Right Sizing: Honing Our Own Leadership Presence

There is something exceptional about Grace. She is an executive with whom I have worked for several years, and recently she was promoted to the CEO role.

Grace was somewhat taken aback by her colleagues’ choice. Her surprise was not an expression of immodest (and perhaps false) humility. Rather, it was a statement of curiosity—what led the leaders of this esteemed organization to select her?

Although Grace was a bit startled, I was not. As her leadership coach, I have seen examples of her potent ability on many occasions, and I’d like to share her approach with you. I am convinced that the essence of Grace’s leadership strength is available to each of us. No matter what our roles, all of us possess the capacity that she has truly mastered. I call it her leadership presence.

What does leadership presence mean? For Grace, it means that she is aware of herself as a powerful individual, and she is intentional about continuing to understand her strengths, challenges, and influence as a leader. She regularly exhibits her willingness to be a learner. This decision keeps Grace current with the impact of her talents. It also allows her to be at choice; she can skillfully select her approach to given situations in her work.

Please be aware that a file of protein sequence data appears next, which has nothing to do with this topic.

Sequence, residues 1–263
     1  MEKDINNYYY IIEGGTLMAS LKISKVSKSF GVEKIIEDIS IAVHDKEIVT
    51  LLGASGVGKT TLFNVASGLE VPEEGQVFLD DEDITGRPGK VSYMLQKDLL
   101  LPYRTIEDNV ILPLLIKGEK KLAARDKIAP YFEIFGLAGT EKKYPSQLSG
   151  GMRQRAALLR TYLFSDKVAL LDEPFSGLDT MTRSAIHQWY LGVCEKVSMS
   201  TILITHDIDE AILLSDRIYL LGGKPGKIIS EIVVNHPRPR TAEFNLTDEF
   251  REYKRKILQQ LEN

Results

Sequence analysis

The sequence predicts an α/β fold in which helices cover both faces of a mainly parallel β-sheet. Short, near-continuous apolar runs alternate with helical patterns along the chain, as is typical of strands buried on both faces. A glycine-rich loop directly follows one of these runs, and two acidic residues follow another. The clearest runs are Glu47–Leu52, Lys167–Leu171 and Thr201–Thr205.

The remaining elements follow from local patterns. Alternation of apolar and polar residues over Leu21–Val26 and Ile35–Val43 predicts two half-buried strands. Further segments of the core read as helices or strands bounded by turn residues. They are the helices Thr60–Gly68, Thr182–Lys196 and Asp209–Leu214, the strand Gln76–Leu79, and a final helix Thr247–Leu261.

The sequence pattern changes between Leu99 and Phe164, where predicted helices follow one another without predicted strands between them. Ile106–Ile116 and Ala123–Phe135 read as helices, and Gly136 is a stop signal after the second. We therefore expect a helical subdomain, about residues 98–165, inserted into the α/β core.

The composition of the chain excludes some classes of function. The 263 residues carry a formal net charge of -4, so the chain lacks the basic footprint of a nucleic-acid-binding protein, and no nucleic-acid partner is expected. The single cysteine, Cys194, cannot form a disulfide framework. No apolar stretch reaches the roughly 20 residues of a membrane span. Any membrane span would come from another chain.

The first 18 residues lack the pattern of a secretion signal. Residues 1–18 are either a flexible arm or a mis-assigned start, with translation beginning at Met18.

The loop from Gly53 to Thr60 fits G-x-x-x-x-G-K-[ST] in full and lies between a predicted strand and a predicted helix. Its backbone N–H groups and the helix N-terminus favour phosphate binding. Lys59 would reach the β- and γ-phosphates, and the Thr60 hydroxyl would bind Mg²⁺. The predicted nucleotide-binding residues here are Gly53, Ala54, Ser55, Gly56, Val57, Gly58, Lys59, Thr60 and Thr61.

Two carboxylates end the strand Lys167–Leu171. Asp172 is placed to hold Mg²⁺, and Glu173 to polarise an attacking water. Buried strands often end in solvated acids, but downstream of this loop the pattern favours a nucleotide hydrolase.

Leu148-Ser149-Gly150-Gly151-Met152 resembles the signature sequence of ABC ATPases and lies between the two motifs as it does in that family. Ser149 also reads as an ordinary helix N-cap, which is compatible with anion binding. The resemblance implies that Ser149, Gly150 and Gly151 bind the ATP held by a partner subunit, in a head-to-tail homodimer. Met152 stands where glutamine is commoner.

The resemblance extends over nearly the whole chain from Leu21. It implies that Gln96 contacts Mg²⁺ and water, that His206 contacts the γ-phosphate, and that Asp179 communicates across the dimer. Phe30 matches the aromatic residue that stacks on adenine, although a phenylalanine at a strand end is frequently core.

Grace has an artful leadership style that is based on honest self-assessment, feedback, practice, and acceptance of her own abilities. It is certainly true that Grace has the requisite skills, knowledge, and experience that technically qualify her to be a senior leader. But, that is not what is most compelling about her. We all know individuals who are technically qualified yet not strong and successful leaders. What is compelling about Grace is that she is so effectively integrates ongoing learning as she relaxes into being who she is.